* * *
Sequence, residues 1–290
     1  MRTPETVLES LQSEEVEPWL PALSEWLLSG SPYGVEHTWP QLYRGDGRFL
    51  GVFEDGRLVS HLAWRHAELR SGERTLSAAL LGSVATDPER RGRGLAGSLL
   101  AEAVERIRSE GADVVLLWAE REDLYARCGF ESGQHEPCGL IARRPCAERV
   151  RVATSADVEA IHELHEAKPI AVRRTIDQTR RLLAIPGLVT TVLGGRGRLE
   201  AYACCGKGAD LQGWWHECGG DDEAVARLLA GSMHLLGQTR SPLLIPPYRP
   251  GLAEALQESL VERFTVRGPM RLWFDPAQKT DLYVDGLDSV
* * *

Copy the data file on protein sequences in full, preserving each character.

Sequence, residues 1–290
     1  MRTPETVLES LQSEEVEPWL PALSEWLLSG SPYGVEHTWP QLYRGDGRFL
    51  GVFEDGRLVS HLAWRHAELR SGERTLSAAL LGSVATDPER RGRGLAGSLL
   101  AEAVERIRSE GADVVLLWAE REDLYARCGF ESGQHEPCGL IARRPCAERV
   151  RVATSADVEA IHELHEAKPI AVRRTIDQTR RLLAIPGLVT TVLGGRGRLE
   201  AYACCGKGAD LQGWWHECGG DDEAVARLLA GSMHLLGQTR SPLLIPPYRP
   251  GLAEALQESL VERFTVRGPM RLWFDPAQKT DLYVDGLDSV